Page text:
Jul 20, 2019

Flights of fantasy

My enchantment with the moon, stars, and the sky crystallized after reading 'Cosmos.' I must have been about twelve when I got the book as a gift from my cousin. I am sure I feigned stomach-ache as I was wont to do in those days to stay home from school to finish the book. 'Cosmos,' I can reliably say, changed the way I looked at the sky, changed the way I thought of life.

I hadn't been born when Apollo-11 landed on the moon, but when I read the book, it hadn't yet been fifty years. So, naturally, I presumed a man would walk on Mars in my lifetime. Hey, I was a small-town girl,  I hadn't yet evolved in my thinking about gender-roles and inherent biases. Years later, despite a more intricate understanding of all the variables that go into the possibility of such expeditions, I am saddened that we haven't even revisited the moon, let alone establish a colony there like I imagined at the time.

I have a vague memory of watching a grainy black and white program and the moment when Indira Gandhi asked Rakesh Sharma how India looked from space. It was likely staged and thought out beforehand, but I remember the stress and lilt in his voice when he answered "Sare Jahan Se Achcha."  Without a nuanced idea of the nation-state and an awareness of the military deals around such missions, it was easy to feel particularly patriotic you see.

I have over the years been addicted to reading or watching, both fiction and non-fiction material about space flights and colonies and alien species. Voyager, Soyuz, Apollo, Pathfinder, Mangalyaan - ah the romance of it all! I never gave much credence to the conspiracy theories around the moon-landing being a hoax. But have had to consider with extreme discomfort questions posed by the likes of 'Whiteys on the moon.' All said and done though, the space race of the 60s culminating with the moon landing reads like an action-thriller. It's an emotional roller-coaster, heart-warming and in my interpretation has a great ending.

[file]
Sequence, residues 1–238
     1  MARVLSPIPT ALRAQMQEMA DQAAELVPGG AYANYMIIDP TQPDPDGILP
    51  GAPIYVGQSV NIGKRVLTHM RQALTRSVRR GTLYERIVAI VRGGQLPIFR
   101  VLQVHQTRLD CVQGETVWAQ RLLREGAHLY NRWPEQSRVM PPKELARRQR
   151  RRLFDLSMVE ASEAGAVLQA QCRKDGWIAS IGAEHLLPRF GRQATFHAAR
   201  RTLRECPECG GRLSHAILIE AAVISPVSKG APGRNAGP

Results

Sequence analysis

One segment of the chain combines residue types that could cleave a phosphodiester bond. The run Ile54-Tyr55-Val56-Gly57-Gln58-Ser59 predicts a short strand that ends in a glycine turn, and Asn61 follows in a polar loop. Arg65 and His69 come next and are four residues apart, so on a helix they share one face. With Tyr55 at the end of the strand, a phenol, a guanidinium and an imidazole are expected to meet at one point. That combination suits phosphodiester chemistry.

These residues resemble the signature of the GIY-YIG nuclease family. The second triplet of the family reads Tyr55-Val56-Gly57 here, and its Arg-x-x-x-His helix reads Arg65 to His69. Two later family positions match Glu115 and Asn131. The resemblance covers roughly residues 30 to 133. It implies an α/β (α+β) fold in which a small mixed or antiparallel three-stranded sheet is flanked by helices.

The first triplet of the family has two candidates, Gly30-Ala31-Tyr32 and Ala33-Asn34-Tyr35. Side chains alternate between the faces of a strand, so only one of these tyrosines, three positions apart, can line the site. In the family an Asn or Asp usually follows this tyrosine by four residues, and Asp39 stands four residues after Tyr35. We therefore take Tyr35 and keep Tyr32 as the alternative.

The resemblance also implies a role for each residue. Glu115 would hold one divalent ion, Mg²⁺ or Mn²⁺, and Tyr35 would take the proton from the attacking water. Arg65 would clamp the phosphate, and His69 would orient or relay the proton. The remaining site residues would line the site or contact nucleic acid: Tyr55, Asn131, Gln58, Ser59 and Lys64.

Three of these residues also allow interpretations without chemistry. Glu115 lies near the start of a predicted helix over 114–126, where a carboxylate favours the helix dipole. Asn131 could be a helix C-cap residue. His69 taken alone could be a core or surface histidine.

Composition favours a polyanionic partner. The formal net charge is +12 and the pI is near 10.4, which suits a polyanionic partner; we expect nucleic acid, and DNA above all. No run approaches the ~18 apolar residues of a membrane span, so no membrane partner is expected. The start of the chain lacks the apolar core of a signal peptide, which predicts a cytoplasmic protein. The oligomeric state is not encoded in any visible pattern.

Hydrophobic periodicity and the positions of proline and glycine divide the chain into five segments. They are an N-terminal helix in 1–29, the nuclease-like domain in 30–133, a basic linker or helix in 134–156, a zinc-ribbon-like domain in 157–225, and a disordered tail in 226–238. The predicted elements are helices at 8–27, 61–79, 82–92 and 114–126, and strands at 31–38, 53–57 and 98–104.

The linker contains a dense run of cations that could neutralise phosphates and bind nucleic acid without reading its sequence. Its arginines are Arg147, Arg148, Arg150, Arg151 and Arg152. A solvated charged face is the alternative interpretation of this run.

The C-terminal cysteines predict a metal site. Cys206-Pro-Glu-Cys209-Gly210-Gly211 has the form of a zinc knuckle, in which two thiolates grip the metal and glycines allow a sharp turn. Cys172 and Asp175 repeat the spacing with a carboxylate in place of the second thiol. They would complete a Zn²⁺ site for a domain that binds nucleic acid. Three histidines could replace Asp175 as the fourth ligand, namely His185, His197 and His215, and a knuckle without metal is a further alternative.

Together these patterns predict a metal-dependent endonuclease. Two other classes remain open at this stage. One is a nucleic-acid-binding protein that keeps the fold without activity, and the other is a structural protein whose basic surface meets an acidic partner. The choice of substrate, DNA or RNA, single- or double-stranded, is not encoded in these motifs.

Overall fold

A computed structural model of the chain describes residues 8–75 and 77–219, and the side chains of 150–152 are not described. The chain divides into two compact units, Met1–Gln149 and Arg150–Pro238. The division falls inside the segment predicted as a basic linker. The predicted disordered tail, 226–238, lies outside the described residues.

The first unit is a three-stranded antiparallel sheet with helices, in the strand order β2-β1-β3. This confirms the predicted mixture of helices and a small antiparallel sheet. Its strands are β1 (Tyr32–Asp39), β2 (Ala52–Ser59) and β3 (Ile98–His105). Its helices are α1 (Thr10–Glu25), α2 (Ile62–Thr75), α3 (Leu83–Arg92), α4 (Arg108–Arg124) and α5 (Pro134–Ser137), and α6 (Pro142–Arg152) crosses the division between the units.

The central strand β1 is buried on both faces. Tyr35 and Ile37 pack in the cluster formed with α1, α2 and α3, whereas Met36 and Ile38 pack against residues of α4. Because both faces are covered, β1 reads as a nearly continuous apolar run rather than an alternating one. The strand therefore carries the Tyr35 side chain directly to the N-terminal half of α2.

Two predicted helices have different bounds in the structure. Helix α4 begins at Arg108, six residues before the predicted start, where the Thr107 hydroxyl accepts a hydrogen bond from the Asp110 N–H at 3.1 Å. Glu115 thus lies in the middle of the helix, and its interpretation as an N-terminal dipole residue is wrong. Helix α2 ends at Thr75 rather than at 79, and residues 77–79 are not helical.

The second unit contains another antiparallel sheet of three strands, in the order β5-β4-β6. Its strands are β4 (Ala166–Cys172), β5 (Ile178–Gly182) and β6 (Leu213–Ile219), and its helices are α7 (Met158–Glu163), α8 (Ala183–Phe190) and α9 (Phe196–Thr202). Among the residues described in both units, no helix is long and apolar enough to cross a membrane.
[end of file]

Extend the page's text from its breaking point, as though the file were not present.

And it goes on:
Most of the moon-landing stories revolve only around NASA and the American heroes but to me, the first hero is cosmonaut Gagarin. Cosmonaut has a more majestic ring to it than astronaut; unfortunately, no one uses it anymore. A village farm boy, with a charismatic smile who became the first man on space, he apparently whistled while he went about preparing for his flight. One of the dummies in the previous flight had burned up, and mission control was telling him that they forgot to tape something together, and the man just happily whistled while he went about readying.  And then there is Valentina Tereshkova. Trust the comrades to get the first woman to orbit solo around the earth for a period longer than all the American astronauts combined before her.